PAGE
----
This roundup is focused on finding an audio interface with 4 inputs, which can get a little bit technical, so we'll cover some of the basics.
On an audio interface an input is a jack, usually TRS or XLR, that allows you to plug in either an instrument or a microphone. Many input jacks on USB devices are setup to accept either an instrument cable (TRS) or a microphone cable (XLR).
We simply call that a "combo."
In your case, you're looking for four of these inputs, though it's important to read the fine print on exactly what kind of inputs you're getting.
For example, you might have two for instruments and two for microphones, or four for microphones or four for instruments.
It just depends on the device in question.
How to Identify an Audio Interface with 4 Inputs
Identifying these can be confusing, so let's go through another example. This Behringer interface clearly has four inputs on the front panel that are an XLR/TRS combo which, again, means they have both a mic and line input:
These inputs are usually - but not always - on the front of the interface. Some are split up with two on the front and two on the back.
On rare occasions, we've seen manufacturers count a single combo input as two inputs - giving you one XLR and one TRS in the same spot. The only problem is that you can only use one of these at a time.
However, we've avoided listing any interfaces that label their specs that way.
All the interfaces in this list allow you four simultaneous connections.
Audio Interface with 4 Inputs (full list)
We've vetted all the audio interfaces in this list and verified that they each have four separate inputs. There are a variety of connections, including USB, Thunderbolt, and MIDI, but we've made certain that the primary feature of having four inputs is present in each device.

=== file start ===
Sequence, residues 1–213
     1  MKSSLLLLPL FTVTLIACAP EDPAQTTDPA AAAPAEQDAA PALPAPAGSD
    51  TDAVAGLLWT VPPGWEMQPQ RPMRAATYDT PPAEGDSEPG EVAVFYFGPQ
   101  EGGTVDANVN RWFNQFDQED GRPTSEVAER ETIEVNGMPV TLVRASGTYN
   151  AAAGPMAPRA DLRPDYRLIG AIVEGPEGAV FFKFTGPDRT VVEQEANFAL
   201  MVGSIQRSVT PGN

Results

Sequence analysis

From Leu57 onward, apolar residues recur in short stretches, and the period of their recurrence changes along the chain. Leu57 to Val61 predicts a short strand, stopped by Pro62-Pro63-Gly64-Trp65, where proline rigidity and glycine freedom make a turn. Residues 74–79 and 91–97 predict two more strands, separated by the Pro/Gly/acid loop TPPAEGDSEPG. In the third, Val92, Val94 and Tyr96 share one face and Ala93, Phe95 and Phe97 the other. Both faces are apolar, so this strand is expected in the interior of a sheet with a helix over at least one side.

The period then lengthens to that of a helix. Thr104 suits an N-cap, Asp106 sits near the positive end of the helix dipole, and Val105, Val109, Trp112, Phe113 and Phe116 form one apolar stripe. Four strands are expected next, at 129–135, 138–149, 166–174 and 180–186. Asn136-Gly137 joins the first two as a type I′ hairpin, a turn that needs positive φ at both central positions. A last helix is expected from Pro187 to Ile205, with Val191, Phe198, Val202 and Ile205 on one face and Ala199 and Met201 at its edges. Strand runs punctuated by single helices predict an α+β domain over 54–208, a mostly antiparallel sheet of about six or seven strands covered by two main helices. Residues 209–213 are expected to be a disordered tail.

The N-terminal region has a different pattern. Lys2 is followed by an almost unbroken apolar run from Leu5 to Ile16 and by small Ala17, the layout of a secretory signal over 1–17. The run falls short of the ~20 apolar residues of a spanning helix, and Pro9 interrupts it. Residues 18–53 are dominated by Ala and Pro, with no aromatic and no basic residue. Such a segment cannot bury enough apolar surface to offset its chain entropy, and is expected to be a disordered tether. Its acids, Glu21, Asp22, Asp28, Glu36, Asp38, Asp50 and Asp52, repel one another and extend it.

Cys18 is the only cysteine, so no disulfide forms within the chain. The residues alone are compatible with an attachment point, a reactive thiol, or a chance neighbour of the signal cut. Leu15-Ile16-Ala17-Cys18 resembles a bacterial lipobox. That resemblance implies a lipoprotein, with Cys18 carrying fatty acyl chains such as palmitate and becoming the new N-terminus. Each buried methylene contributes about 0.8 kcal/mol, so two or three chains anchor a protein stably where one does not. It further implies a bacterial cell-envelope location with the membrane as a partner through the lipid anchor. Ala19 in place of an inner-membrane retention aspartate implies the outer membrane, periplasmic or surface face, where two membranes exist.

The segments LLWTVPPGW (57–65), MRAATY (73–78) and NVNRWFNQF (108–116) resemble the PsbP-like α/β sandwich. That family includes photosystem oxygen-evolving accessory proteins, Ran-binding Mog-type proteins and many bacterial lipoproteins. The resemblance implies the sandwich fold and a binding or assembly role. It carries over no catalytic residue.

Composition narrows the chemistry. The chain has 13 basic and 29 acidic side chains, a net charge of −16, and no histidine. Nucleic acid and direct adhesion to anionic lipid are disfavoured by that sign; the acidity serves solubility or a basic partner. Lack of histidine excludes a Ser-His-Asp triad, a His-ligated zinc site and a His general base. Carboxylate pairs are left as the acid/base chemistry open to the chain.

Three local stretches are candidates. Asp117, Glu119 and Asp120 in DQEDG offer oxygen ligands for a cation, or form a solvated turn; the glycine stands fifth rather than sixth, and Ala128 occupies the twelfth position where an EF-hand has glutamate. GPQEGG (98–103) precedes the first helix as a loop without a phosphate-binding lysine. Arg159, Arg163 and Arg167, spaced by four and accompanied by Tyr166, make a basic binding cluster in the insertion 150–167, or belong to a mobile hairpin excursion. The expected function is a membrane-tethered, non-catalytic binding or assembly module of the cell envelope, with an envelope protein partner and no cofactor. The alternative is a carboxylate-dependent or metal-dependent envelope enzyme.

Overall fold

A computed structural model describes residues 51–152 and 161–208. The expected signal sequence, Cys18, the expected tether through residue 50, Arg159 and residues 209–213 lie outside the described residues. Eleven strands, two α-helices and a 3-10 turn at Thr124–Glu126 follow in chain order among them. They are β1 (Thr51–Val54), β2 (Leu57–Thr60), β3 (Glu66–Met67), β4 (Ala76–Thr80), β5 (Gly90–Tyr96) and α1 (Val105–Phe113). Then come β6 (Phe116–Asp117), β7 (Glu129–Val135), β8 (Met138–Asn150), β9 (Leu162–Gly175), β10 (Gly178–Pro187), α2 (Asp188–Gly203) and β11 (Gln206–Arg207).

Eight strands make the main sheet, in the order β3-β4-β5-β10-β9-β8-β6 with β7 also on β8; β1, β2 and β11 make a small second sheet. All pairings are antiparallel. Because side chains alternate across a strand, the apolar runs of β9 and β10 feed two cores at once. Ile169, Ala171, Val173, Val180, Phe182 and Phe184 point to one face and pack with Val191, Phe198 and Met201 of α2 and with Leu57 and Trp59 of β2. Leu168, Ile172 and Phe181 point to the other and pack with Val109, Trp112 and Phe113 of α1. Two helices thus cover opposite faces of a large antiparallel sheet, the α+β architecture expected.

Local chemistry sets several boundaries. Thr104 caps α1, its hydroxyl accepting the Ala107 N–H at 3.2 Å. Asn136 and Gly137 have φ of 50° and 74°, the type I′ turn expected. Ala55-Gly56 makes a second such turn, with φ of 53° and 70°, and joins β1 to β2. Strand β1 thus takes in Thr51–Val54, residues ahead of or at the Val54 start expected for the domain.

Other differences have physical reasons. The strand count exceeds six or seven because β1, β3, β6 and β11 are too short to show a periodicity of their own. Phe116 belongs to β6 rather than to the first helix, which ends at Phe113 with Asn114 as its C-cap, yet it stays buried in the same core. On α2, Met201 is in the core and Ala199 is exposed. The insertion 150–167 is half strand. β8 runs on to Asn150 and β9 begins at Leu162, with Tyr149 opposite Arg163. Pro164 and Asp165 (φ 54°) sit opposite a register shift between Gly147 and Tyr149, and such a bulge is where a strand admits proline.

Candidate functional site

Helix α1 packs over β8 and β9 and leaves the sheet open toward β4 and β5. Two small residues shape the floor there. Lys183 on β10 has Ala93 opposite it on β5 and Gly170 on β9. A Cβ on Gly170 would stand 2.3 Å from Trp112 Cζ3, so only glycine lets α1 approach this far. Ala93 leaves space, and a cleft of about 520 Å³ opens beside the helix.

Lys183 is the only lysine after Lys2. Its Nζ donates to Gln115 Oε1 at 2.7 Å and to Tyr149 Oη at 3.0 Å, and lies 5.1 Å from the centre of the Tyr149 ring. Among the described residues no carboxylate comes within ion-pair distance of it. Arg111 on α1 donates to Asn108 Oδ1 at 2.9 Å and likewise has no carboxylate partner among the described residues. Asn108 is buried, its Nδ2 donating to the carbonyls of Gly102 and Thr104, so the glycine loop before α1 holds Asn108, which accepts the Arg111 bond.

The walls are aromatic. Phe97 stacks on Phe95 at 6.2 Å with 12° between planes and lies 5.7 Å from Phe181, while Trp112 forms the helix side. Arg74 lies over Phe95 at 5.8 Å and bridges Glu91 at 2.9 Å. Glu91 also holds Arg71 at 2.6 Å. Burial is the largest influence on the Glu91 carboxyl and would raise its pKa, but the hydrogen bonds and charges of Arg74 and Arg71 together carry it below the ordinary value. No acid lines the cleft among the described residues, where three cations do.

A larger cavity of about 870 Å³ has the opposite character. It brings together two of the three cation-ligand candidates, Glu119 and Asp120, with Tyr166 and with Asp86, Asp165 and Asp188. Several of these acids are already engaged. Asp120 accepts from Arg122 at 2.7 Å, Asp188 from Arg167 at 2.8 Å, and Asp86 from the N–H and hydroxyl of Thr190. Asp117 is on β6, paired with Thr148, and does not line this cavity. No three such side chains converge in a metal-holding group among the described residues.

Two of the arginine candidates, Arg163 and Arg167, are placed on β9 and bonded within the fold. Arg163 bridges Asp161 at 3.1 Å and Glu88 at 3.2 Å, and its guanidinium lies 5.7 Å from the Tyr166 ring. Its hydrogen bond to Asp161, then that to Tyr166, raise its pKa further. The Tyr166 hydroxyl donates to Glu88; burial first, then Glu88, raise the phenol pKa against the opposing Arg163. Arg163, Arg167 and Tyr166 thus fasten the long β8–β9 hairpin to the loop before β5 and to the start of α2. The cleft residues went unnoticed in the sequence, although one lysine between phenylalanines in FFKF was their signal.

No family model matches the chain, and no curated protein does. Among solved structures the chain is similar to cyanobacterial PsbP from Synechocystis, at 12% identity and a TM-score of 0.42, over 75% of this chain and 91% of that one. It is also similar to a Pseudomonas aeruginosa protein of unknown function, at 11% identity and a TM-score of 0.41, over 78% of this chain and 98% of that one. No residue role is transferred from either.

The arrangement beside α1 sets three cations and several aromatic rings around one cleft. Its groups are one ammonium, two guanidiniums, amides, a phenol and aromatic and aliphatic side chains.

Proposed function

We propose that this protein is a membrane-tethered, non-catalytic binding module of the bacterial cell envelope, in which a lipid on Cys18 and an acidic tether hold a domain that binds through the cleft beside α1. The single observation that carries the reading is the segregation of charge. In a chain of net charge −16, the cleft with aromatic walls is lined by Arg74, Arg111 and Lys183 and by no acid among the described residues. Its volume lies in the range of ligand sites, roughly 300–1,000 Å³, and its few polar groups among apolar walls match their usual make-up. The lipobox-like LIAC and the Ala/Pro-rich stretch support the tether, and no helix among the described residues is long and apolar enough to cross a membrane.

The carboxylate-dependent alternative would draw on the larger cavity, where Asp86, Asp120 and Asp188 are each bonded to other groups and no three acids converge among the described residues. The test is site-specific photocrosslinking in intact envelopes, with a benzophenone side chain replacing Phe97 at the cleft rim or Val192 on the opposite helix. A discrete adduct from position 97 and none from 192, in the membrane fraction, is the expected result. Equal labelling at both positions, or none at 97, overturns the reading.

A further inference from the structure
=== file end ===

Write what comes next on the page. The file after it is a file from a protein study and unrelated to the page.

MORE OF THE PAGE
Keep in mind, this is not a ranking or necessarily a recommendation list, but we've focused on top-selling options from reputable brands, and believe it's a "safe" list to buy from.
If you have questions, feel free to drop those in the comments section below.
- Behringer U-Phoria UMC404HD USB Audio Interface: 4 x combo
- Universal Audio Apollo x4 Heritage Edition 12x18 Thunderbolt 3 Audio Interface: 2 x TRS only and 4 x combo
- Focusrite Scarlett 18i8 3rd Gen USB Audio Interface: 4 x combo and 4 TRS only
- Zoom PodTrak P4 4-input Ultimate Recorder for Podcasting: 4 x XLR only
- iConnectivity AUDIO4c Dual USB-C Audio and MIDI Interface: 4 x combo
- Steinberg UR-RT4 USB Audio Interface with 4 Rupert Neve Transformers: 4 x combo and 2 x TRS only
- Audient EVO 8 USB Audio Interface: 4 x combo and 1 TRS only
- TASCAM US-4x4HR USB Audio Interface: 4 XLR only and 4 TRS only
- TASCAM Series 208i USB Audio / MIDI Interface: 4 x combo
- Roland Rubix 44 USB Audio Interface: 4 x combo
- MOTU MicroBook IIc Mobile USB iOS Audio Interface: 1 x XLR only and 3 TRS only
- ART USB IV 4x4 USB Audio Interface: 4 x combo
How many inputs do I need?